There has been a change of plans, and I am invited to the wedding after all. So after the weekend in Sarangani, I ride a bus to Davao City on Monday morning. The trip takes a bit more than three hours and reach Davao City just in time for a late lunch. I meet my parents in the hotel and spend the rest of the day walking around the area.
The wedding takes place the next day; the morning after that, on Wednesday morning, we set out to travel again. This time, we’re with Pastor Rod and his wife, Ate Salving, a couple I’ve known since I was little. Pastor Rod and his family lived for sometime during the early 90s as our neighbor, and their two youngest kids, both of whom are now married abroad, were my playmates back then. Today, they decide to join us, and riding in Pastor Rod’s vehicle, we drive from Davao City through Davao del Sur, a couple of towns in Maguindanao, and Tacurong in Sultan Kudarat, finally arriving in Koronadal in South Cotabato to visit Pastor Rod and Ate Salving’s new house. Shortly after, we drive for GenSan and stay at a budget hotel outside the city center.
Early the next morning, after another visit to another friend of my dad, we set out for Glan, the southernmost town of Sarangani (I would have said “of the Philippines” before realizing that there’s also the Municipality of Sarangani, which is an island below and administratively part of Davao Occidental). Specifically, we’re headed for Isla Jardin del Mar, a resort near Gumasa Beach, the most famous strip of the sea in this part of the Philippines.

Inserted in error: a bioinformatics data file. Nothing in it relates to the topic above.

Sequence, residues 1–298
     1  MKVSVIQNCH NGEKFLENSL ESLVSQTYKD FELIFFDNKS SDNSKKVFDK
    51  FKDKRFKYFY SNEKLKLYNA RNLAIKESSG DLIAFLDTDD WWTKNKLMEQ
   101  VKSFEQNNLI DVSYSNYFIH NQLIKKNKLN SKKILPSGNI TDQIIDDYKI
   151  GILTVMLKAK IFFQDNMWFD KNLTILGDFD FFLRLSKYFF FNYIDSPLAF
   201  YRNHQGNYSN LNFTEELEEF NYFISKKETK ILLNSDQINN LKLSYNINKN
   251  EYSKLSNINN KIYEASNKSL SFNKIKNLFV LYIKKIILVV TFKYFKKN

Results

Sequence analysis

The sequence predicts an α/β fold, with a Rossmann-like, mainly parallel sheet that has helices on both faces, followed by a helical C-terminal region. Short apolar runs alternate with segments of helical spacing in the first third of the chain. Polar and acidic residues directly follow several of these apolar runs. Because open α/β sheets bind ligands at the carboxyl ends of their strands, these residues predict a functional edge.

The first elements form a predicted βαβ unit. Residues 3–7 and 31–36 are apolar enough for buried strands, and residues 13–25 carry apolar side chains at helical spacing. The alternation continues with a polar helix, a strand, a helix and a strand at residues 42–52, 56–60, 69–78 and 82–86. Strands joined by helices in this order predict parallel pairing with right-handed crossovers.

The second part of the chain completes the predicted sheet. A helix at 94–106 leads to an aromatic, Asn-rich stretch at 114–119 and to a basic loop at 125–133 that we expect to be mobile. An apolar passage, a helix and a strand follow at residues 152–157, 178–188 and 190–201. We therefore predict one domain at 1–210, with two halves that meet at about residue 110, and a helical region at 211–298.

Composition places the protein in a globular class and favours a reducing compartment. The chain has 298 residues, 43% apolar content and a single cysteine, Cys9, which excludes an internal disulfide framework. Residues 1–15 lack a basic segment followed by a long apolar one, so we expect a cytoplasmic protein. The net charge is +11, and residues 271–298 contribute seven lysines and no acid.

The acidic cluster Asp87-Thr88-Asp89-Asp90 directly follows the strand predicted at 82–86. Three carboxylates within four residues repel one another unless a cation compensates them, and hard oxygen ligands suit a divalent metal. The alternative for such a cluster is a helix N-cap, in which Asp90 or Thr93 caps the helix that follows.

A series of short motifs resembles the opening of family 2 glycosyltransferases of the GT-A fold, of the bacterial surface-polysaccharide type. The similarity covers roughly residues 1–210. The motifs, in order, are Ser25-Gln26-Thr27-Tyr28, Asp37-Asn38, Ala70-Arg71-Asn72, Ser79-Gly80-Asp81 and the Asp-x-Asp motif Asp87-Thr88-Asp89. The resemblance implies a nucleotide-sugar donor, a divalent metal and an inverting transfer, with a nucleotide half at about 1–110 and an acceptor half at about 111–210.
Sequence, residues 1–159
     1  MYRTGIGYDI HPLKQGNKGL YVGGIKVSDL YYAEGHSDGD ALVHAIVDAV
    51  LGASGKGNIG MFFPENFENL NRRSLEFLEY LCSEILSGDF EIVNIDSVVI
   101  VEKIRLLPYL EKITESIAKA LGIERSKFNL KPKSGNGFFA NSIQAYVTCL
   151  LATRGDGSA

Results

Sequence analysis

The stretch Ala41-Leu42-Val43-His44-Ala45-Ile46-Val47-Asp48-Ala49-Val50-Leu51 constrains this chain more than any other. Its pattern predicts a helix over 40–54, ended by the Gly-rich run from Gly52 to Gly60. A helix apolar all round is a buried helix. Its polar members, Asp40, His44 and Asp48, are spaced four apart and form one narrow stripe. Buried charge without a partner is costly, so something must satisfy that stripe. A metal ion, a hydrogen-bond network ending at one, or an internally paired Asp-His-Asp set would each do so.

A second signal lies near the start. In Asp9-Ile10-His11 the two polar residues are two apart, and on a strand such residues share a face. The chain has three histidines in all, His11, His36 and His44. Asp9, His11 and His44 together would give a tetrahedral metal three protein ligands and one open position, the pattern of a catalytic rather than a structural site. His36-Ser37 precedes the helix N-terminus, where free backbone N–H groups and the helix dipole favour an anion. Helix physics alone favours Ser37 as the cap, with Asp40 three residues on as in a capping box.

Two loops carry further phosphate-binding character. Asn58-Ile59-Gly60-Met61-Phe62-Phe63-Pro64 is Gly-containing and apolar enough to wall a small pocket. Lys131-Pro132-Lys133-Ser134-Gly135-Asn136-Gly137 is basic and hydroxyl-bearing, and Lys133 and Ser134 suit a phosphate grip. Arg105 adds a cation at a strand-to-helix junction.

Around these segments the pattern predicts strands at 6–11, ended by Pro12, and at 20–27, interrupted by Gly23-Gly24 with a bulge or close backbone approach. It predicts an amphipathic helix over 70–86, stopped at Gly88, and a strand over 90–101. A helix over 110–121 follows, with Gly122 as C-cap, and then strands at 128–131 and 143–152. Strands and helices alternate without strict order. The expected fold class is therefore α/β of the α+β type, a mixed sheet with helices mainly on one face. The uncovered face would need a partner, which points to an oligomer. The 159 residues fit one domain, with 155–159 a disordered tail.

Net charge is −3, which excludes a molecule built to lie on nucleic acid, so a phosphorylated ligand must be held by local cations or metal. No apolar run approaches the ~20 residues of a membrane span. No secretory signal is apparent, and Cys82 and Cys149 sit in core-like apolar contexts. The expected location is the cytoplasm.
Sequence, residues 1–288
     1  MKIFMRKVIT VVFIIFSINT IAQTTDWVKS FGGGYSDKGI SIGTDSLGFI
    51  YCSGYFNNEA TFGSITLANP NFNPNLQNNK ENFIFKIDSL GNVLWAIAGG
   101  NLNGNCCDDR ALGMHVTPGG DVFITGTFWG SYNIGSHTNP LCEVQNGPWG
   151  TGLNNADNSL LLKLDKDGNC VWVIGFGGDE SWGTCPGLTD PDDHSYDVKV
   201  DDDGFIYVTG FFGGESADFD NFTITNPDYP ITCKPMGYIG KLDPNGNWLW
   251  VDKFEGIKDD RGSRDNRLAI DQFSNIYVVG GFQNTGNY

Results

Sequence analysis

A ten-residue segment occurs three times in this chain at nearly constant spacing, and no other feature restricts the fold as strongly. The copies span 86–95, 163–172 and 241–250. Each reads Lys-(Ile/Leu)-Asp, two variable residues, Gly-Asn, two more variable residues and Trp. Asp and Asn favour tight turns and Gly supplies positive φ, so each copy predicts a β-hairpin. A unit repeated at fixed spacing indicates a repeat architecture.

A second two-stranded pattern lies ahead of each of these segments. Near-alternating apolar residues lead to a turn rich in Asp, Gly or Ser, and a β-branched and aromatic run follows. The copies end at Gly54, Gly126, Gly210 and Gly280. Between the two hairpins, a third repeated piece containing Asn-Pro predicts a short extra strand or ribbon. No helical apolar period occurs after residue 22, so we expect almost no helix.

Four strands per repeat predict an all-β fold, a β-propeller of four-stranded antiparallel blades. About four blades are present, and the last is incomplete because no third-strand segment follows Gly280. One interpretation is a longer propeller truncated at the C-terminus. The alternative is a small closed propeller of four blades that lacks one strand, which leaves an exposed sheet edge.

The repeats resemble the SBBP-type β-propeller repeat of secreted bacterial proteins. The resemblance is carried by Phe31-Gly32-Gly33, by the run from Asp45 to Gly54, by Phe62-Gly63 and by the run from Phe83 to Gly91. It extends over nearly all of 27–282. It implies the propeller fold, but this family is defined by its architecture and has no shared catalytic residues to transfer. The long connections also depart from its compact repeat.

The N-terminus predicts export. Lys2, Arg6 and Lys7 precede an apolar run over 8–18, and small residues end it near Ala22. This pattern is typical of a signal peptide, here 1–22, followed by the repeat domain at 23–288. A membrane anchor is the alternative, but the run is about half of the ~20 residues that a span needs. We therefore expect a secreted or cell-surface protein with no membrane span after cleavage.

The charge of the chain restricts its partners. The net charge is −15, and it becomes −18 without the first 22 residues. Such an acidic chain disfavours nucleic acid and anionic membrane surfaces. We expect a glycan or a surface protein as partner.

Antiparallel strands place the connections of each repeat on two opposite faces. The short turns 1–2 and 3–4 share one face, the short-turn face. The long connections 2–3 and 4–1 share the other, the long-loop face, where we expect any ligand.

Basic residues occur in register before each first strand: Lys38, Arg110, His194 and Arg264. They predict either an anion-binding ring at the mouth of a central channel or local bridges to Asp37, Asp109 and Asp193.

It’s about lunchtime when we arrive, so after sorting our business at the front desk, we head to the restaurant. And since I’m in Sarangani, I have kinilaw na tuna and tuna belly.
I then explore the beach. It’s too hot and the tide has receded too far from the beach, exposing large rocks. It’s really not the ideal time to swim, so instead, I follow a trail that winds along rocky outcrops that extend to both sides of the beach. The waters, especially in the eastern part, is really clear, I can see the sea floor looking down from a platform about three or four meters above.
About half an hour later, I return to our cottage, and after a few minutes, we start the drive back to briefly explore parts of the town.
Along the way, we stop by the Glan Municipal Hall in the town center. It’s nothing special, though there’s a nice statue in front of the building, with figures of locals doing something like a traditional dance. We then stop at the Tour Town Glan Monument about 13 kilometers from the town center. It has a nice viewpoint of the Sarangani Bay, and from here you can get a wide-angle perspective of this part of the province: beach on one side and the mountains on another side.
And then we drive again back, stopping by the Malapatan Municipal Hall — Malapatan is a town between Alabel and Glan — and the provincial capitol in Alabel to have some photo ops. It’s a smooth ride to GenSan the rest of the way.